CARRY ON MATRONS
Inspirational figure’s influence still felt today
She was one of the most remarkable women in the 70-year history of the National Health Service.
And now the life of formidable NHS matron Olive Hulme is being celebrated after a treasure trove of memorabilia was uncovered by her family.
Photos and records from Olive Hulme’s trailblazing career have been handed over to the NHS for safekeeping.
They show how Olive went from a trainee to one of the most powerful nurses in Scotland, helping to oversee the building of the new Yorkhill Hospital for Children.
It was her work during the huge task of moving hospital that helped earn Olive an MBE, and become one of the most admired women in the NHS.
And although she died only last year at the age of 95, more than 35 years since retiring, her funeral was packed with former colleagues and successors.
“We had my aunt’s funeral last year,” said Olive’s niece Barbara Currie. “When she retired she set up the Yorkhill Nurse’s League in 1983, a social organisation for nurses.
“A lot of the nurses came to the funeral with their league badges on – they seemed to think she was wonderful.
“My aunt was a firm person that people would look up to, but at the same time no one would cross her.
“She was kind and caring and loved being around children. “But at the same time she was a formidable lady and a typical matron who had the rules and stuck by them.
“She would tell the doctors and consultants what to do. To think back to the 1970s – a woman telling these powerful men what to do. It would have been quite amazing to see.”
Olive trained at Yorkhill in the 1940s, and was involved in treating casualties from the D-day landings. Glasgow was gripped with poverty, and she dealt with children facing associated conditions like rickets and chest infections. She also treated children injured in fires caused by candle decorations on Christmas trees.
After spells in London and Edinburgh, she eventually became chief matron for Yorkhill, Scotland’s biggest children’s hospital.
According to her niece, Olive – or Miss Hulme as she was known – developed a reputation for being tough and sharp but, above all, caring.
She drove a distinctive white Mini and from the late ’60s kept her black poodle called Bimbo underneath the desk in her office in Yorkhill.
When Barbara was a young girl, her father would take her to visit her Aunt Olive’s apartment on the grounds of Yorkhill and it helped inspire her to become a paediatric nurse.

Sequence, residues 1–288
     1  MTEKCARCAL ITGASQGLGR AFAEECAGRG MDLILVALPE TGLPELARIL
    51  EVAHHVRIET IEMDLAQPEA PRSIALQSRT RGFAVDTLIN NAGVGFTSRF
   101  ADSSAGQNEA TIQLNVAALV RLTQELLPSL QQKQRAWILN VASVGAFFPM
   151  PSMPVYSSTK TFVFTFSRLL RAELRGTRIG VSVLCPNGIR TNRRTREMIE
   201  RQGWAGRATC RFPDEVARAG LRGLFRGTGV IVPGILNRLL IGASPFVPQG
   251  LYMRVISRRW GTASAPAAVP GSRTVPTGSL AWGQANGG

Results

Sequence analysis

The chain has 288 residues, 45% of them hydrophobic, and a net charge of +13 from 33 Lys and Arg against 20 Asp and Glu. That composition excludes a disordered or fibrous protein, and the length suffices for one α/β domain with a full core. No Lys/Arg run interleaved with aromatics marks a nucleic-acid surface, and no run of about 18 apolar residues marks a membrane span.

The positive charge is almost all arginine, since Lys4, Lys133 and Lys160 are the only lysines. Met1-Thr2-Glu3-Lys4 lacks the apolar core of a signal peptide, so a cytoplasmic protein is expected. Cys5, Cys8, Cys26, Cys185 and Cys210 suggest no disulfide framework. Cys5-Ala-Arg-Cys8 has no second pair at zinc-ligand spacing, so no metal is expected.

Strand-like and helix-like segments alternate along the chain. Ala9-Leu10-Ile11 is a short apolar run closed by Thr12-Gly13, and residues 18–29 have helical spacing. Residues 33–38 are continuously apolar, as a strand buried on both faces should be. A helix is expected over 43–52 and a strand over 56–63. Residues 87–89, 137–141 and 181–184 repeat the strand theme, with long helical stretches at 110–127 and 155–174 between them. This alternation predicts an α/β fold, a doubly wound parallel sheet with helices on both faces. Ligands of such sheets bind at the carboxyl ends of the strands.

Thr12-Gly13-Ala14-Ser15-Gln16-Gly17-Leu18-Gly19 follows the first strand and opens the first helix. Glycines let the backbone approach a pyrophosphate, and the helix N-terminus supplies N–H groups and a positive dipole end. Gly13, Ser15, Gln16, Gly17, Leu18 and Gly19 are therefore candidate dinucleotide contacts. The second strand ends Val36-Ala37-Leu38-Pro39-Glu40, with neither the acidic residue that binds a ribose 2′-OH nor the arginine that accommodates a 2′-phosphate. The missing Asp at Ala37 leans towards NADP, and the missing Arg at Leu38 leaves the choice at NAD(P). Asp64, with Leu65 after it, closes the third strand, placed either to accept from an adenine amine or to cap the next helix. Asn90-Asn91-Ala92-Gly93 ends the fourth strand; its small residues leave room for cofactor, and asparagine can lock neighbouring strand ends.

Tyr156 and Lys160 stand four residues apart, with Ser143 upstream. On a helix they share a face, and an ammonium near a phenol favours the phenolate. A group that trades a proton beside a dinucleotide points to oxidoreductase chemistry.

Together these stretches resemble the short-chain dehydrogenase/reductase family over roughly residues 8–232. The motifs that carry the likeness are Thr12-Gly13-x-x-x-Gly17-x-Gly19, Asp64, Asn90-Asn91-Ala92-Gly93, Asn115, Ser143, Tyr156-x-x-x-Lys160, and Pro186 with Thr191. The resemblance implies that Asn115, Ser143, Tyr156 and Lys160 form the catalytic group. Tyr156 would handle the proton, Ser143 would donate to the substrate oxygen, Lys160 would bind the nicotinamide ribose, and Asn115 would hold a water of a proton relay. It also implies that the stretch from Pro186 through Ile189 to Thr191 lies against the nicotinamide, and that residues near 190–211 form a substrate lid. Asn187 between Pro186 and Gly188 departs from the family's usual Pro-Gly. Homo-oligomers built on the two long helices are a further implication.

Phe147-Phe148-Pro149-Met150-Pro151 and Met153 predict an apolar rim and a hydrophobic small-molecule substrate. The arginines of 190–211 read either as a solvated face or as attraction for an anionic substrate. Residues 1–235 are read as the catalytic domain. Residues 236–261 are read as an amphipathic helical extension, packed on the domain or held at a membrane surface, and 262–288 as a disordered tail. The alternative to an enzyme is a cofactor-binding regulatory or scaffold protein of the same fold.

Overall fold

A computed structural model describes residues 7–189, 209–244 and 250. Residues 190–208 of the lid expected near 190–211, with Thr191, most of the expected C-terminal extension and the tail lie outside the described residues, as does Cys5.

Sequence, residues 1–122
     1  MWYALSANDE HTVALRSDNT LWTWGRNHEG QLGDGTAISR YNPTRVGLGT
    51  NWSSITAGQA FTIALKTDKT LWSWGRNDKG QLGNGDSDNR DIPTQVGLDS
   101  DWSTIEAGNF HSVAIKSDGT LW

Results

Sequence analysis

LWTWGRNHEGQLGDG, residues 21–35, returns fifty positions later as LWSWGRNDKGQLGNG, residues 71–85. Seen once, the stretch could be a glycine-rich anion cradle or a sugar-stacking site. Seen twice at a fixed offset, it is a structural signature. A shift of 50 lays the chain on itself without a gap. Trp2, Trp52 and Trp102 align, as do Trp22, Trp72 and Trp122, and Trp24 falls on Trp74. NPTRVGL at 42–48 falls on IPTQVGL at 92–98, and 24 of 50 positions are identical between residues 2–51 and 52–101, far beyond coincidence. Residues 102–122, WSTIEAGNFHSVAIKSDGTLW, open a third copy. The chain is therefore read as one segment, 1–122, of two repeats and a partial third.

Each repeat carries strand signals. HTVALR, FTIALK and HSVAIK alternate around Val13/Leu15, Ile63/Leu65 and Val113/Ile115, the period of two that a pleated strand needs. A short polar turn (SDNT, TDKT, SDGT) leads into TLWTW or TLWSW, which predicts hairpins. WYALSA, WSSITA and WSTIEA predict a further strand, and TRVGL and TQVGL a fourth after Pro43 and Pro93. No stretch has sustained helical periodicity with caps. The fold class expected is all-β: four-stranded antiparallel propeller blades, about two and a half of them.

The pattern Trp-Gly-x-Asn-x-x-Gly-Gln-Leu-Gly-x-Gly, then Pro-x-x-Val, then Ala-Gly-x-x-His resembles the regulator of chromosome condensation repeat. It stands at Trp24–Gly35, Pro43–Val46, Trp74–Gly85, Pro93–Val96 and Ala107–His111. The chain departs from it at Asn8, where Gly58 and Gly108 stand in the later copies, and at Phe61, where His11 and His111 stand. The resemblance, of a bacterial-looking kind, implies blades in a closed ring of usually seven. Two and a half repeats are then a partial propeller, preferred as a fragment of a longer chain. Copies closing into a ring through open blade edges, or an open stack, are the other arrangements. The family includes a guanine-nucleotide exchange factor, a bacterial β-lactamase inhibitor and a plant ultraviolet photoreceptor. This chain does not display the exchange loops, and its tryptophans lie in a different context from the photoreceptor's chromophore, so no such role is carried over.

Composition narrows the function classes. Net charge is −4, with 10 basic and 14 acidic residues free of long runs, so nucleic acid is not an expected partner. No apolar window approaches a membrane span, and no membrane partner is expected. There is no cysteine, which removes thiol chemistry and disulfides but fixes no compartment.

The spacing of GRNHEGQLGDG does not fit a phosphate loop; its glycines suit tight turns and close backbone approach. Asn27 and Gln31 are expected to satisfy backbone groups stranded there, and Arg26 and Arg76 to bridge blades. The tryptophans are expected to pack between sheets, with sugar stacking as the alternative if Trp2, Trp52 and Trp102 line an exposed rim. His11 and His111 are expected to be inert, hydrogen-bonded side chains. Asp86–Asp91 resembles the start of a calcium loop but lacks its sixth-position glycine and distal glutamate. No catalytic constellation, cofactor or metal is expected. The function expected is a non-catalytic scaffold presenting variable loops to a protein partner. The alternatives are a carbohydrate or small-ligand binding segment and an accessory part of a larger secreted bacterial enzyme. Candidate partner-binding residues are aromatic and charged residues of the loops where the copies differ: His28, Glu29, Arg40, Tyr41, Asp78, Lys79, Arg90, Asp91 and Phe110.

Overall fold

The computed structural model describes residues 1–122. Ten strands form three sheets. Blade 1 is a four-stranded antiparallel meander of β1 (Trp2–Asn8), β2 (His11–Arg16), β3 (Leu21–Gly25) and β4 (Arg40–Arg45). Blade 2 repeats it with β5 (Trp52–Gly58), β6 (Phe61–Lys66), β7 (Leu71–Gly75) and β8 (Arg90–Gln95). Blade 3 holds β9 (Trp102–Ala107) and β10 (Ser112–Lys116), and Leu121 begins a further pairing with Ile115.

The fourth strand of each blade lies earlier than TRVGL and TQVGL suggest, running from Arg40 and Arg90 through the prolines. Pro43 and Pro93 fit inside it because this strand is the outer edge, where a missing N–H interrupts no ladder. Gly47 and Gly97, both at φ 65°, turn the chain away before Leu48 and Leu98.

“We used to go up to the old Yorkhill when I was wee, and she had a lovely apartment with wooden panelling and tiles on the floor and lovely furniture,” explained Barbara.
“It was remarkable – the position came with a maid so she wasn’t expected to do any housework for herself.
“She didn’t marry, and she never wanted to be married. But she knew what she wanted out of life, and was a very focused woman.
“Although she didn’t have children of her own she was a children’s nurse and she was
always interested in young people and their views.”
Yorkhill was rebuilt in 1966, and Olive oversaw a huge project to move the young patients to the nearby Oakbank Hospital until work was completed.
That took five years, but the new building needed more work which stretched out for another 12 years. Where others might have crumbled under such a stressful and drawn-out process, the formidable Miss Hulme stood firm.
The health board wrote to Olive when she retired to thank her for her work during the troubled move saying: “Without your dedication and spirit it would have been indeed possible for the staff morale to have ebbed away entirely at the Royal Hospital for Sick Children during this period, but (we) hope that now you will be able to take pleasure in the fact the hospital is nearly back to normal.” Olive moved to Helensburgh after retiring in 1983, then to Broughty Ferry in 2006. She died last year at the Royal Victoria Hospital, Dundee, following a short battle with illness. Barbara helped clear her home and decided her aunt’s remarkable records should be handed to the NHS.
I feel so lucky to have got to know so much about Olive and her very special life. She was a really special lady
Olive Hume, third from bottom left, had a trailblazing career in nursing, helping oversee the building
NHS matron Olive Hulme
Jen Rodgers at work last week
of the Yorkhill children’s hospital